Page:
Fresh Fruits and Vegetables for School and Service Institutions (Sec. 4201, effective upon enactment)

The conference agreement would reauthorize the Fresh Fruits and Vegetables program through 2018.

Pilot Project for Procurement of Unprocessed Fruits and Vegetables (Sec. 4202, effective upon enactment)

The conference agreement would create a pilot project to give up to eight states some flexibility in procuring unprocessed fruits and vegetables, such as using multiple suppliers and local sources.  Priority would be given to states with a demonstrated commitment to farm-to-school efforts and a variety of local fruit and vegetable growers.

Seniors Farmers’ Market Nutrition Program (Sec. 4203, effective upon enactment)

The conference agreement would reauthorize the Seniors Farmers’ Market Nutrition Program through 2018.

Dietary Guidelines for Americans (Sec. 4204, effective upon enactment)

The conference agreement would modify the Dietary Guidelines for Americans to include, by 2020, nutrition and dietary guidelines designed specifically for pregnant women and children from birth until age 2.

Healthy Food Financing Initiative (Sec. 4206, effective upon enactment)

The federal Healthy Food Financing Initiative provides grants and tax incentives to food retailers to operate in underserved communities.  Current funding is provided through the Treasury.  The conference agreement would authorize appropriations of $125 million for USDA to provide financial incentives through a community development financial institution.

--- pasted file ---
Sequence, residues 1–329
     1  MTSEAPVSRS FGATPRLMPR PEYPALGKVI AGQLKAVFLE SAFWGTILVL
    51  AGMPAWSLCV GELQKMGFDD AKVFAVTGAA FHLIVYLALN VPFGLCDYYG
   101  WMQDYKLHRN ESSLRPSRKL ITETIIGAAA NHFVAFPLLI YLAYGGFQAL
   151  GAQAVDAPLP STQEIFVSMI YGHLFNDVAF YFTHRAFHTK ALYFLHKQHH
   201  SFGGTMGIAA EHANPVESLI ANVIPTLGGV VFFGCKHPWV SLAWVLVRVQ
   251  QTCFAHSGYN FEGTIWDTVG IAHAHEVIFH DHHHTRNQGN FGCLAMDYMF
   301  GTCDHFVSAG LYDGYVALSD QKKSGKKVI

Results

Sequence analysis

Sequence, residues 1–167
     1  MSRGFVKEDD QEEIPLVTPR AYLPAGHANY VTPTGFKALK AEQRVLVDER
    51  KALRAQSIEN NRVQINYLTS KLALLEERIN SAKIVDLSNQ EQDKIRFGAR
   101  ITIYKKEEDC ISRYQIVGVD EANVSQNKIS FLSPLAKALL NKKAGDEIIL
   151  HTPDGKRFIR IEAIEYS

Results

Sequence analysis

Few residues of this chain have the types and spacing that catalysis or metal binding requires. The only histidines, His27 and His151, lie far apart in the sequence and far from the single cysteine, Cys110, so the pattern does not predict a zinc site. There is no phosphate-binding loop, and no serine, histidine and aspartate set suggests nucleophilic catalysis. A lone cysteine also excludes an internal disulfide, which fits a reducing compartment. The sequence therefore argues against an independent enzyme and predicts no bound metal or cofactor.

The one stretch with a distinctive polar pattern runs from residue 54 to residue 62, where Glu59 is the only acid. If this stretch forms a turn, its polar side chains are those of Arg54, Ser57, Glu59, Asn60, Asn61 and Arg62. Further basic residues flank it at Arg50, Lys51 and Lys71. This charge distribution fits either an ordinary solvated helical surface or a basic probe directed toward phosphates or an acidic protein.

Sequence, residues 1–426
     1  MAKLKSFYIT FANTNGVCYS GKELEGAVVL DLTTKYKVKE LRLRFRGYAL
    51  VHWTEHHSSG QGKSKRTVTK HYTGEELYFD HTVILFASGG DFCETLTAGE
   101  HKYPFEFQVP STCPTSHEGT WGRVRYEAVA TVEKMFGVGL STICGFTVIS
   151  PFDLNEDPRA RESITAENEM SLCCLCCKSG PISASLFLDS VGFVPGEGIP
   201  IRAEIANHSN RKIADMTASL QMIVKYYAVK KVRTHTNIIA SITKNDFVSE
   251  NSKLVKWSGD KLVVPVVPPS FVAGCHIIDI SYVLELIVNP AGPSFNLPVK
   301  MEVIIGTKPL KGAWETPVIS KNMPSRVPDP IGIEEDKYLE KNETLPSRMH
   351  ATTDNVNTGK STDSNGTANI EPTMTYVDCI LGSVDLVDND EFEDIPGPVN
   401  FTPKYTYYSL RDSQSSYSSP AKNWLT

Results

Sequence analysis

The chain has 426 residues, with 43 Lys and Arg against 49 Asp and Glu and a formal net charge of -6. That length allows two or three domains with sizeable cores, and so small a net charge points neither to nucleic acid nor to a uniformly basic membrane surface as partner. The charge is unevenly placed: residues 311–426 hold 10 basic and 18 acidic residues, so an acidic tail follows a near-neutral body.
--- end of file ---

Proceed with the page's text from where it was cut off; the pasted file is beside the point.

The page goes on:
Food Insecurity Nutrition Incentive Grants (Sec. 4208, effective upon enactment)

The conference agreement would create Food Insecurity Nutrition Incentive grants for governmental agencies, authorized retailers, non-profits and other entities that seek to increase the purchase of fruits and vegetables by SNAP participants by providing incentives at the point of purchase. The agreement provides $100 million in total over fiscal years 2014 through 2018 to cover 50 percent of the costs of local programs and an evaluation, with an additional $5 million a year would be authorized to be appropriated.

Food and Agriculture Service Learning Program (Sec. 4209, effective upon enactment)